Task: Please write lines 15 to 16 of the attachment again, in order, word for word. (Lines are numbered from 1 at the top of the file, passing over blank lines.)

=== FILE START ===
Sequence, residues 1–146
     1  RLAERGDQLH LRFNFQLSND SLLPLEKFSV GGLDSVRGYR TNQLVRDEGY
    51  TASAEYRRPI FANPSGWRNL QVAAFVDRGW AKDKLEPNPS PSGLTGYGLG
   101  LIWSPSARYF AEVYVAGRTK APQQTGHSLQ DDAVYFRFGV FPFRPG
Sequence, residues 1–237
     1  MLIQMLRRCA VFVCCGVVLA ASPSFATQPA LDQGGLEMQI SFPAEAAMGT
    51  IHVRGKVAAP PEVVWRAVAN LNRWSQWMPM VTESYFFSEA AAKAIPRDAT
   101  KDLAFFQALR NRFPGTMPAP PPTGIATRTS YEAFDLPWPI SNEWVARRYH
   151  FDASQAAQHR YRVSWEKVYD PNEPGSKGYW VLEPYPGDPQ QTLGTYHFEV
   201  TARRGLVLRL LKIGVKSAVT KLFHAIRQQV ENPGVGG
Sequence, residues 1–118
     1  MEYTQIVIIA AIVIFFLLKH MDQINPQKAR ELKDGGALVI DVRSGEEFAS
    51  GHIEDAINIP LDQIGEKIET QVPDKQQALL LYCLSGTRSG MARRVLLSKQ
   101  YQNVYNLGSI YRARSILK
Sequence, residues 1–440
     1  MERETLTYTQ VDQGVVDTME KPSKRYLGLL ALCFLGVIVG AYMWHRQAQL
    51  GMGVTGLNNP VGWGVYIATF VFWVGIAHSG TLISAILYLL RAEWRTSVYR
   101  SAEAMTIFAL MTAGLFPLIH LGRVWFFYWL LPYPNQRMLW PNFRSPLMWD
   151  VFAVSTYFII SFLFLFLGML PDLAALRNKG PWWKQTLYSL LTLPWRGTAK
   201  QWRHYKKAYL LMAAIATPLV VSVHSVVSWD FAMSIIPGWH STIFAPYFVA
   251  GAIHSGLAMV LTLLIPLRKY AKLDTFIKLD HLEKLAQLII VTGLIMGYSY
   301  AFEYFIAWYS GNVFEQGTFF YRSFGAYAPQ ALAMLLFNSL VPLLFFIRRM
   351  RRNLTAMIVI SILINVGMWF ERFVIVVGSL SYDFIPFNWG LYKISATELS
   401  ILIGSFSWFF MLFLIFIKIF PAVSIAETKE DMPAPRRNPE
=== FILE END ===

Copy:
Sequence, residues 1–440
     1  MERETLTYTQ VDQGVVDTME KPSKRYLGLL ALCFLGVIVG AYMWHRQAQL